Monday, September 17, 2012

Ten Sinful Things we Say to a Suffering Person 3.

President Bush silently hugs girl who lost her dad in 911

This series has been a blast and we have a lot of people waiting in line to see if they are sinning  when they try to help people in pain. Another Person raised a good question about the goal of responding to the comments of a suffering friend, family member or church member. Let me try to clarify the context of my thoughts.

Suffering and pain are universal, common and daily. We interact regularly with people who are ill, emotionally distressed from stress, grief, trauma and childhood neglect. As we meet and interact with them, these issue arise and we have an opportunity to respond to the Speaker. When we hear the person share his/her distress, what would be the ordinary goal of a friend?

I hope my readers will write and suggest their insights. Jeff baker, Ph. D.  made this comment. My objective is to establish a thorough connection with the suffering person to their satisfaction. Empathy is a part of that but is not complete by itself. One must comprehend their narrative, establish a working metaphor of their situation, identify what they really want to happen, and lastly explore what was important to them that was lost or taken as a result of the injury. One can not over use empathy. But one can reinforce hopeless or helplessness by only using empathy. Empathy and connection builds the pathway for me to challenge people in sometimes very direct ways.

It is sinful to add inappropriately to the Speaker's suffering. It is a sin to speak in ways that do not edify the Speaker. It is a sin to say things that of the flesh not the Spirit. Responses that are from the Spirit are filled with the items mentioned in Galatians 5: Love, joy, patience, kindness, peace, etc. With these ideas in mind, let us proceed.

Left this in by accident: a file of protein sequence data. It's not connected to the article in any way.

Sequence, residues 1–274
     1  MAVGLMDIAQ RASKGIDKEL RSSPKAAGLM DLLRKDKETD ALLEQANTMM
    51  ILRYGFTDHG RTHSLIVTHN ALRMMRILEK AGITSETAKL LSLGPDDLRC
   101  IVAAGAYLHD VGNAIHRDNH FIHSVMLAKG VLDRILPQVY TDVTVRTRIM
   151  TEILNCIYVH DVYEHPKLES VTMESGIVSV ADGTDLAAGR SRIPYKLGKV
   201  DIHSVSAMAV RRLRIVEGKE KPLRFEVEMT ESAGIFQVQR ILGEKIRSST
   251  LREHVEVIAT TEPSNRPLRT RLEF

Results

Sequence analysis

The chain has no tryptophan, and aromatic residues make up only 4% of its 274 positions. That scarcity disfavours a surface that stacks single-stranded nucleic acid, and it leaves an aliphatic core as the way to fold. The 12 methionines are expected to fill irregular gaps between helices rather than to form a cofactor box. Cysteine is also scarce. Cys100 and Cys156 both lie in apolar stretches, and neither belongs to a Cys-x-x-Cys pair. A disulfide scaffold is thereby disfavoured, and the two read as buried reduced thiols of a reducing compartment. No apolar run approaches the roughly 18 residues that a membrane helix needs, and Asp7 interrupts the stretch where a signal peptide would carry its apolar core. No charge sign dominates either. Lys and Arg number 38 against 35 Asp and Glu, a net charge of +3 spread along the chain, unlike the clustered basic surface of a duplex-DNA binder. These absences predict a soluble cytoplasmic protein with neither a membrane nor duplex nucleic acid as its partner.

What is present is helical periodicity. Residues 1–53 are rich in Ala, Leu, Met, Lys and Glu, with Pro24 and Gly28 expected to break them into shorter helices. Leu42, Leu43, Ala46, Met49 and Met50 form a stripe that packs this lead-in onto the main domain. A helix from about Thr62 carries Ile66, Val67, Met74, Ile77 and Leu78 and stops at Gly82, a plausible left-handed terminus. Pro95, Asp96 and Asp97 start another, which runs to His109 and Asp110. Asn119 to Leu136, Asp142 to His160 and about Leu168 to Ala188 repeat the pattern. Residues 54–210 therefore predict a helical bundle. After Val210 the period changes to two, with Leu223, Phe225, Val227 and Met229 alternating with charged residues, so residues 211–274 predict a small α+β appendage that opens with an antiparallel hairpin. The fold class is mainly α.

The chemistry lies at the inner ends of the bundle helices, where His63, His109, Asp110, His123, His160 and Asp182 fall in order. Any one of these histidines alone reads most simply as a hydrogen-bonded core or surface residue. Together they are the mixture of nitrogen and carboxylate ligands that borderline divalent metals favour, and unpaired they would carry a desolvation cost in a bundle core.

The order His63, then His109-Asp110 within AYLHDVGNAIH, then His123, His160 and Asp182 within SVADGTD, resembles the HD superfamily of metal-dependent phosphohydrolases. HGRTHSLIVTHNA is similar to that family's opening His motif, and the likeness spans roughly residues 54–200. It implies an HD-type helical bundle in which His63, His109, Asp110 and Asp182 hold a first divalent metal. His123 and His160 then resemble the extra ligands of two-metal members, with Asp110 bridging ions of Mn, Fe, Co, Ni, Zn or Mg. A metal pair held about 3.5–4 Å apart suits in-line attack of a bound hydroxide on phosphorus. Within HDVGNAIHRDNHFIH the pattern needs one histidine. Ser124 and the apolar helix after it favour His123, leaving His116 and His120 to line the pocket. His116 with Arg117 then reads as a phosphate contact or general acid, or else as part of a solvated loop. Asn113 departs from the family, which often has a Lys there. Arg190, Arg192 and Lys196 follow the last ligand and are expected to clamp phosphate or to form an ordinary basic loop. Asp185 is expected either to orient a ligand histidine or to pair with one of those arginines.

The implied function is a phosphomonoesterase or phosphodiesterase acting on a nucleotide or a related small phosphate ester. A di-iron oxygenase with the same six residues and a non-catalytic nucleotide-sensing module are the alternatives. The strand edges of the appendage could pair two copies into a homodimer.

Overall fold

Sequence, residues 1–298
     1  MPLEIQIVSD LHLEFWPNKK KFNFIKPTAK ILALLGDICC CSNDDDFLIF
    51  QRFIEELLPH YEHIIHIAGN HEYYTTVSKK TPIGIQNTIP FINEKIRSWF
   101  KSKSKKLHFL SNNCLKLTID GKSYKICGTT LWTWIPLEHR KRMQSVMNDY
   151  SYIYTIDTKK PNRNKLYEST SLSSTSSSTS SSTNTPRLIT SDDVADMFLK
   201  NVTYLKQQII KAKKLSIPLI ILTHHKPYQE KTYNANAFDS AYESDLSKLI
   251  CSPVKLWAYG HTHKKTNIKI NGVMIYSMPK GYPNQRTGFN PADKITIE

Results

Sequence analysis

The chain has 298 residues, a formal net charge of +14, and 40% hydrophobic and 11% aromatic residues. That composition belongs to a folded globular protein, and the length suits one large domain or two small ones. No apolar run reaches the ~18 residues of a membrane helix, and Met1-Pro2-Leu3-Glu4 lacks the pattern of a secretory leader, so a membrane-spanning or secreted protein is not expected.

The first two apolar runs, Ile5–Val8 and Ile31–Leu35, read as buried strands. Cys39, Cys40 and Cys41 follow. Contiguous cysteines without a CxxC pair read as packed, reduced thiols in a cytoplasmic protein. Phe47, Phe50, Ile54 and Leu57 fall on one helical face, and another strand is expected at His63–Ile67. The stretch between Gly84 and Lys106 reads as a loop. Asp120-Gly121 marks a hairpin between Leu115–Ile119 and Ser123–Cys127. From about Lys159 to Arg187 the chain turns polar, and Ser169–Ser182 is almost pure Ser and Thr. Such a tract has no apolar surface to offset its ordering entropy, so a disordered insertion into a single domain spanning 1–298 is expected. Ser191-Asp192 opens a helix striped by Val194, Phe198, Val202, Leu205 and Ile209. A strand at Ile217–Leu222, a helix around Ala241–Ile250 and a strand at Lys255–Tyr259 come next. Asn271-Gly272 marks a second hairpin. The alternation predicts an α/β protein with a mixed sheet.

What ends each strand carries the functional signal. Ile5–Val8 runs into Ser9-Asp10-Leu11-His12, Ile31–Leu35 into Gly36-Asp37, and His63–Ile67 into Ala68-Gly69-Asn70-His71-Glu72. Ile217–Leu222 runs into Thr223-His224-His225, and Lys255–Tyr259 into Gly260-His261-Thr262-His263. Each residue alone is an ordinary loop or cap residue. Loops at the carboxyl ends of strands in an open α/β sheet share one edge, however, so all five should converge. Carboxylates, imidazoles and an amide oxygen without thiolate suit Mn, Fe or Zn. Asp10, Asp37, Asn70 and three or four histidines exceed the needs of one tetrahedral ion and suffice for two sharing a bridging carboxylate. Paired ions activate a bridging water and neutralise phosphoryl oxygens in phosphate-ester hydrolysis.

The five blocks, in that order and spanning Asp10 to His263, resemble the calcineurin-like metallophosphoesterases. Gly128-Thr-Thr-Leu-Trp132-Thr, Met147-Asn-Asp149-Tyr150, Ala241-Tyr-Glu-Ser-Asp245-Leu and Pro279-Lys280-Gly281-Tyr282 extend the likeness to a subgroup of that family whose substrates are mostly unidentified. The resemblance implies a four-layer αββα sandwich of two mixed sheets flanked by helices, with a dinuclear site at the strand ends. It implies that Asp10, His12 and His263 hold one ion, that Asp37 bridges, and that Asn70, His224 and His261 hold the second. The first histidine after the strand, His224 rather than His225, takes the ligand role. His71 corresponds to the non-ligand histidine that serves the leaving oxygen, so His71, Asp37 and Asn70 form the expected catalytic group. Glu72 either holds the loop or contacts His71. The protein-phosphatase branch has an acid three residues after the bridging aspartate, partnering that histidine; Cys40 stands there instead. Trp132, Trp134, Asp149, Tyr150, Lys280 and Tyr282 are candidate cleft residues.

It is a sin to react with cliches to people who have lost a loved one.I have heard this one stated by well meaning but thoughtless people and even a Minister.

God took your child or mother or sibling because he needed another beautiful flower for His garden".  So, I can conclude that God killed my loved one just to get a flower in His cosmic garden? How callous and painful is that? It leaves the person in pain with no where to go with his/her grief. Plus, this kind of statement is putting ideas into the will and thought of God with no basis in scripture or rational thought.

Do not try to fill in the blanks with your own shallow ideas about why a person dies. Stop talking and start listening. Do not fill the silence with your shallow theology. It is not our job to try to explain the mysteries of life, death, God's will and evil at the time of greatest pain in a person's life.

Silence is golden. Let your words be few. (See ECC 7:15-22)

Gary Sweeten
Books on ministering love

1 comment:

Dan Perrin said...

When our baby died, 33 years ago, I heard some of the most stupid and hurtful comments from well meaning people. The most meaningful was from a man 40 years my senior who simply hugged me and in tears said, I understand. We lost a son too. That connection brought healing and hope. My eyes are filled with tears just remembering that well placed hug. Thanks Gary for a very helpful blog. I miss you, my friend. Dan Perrin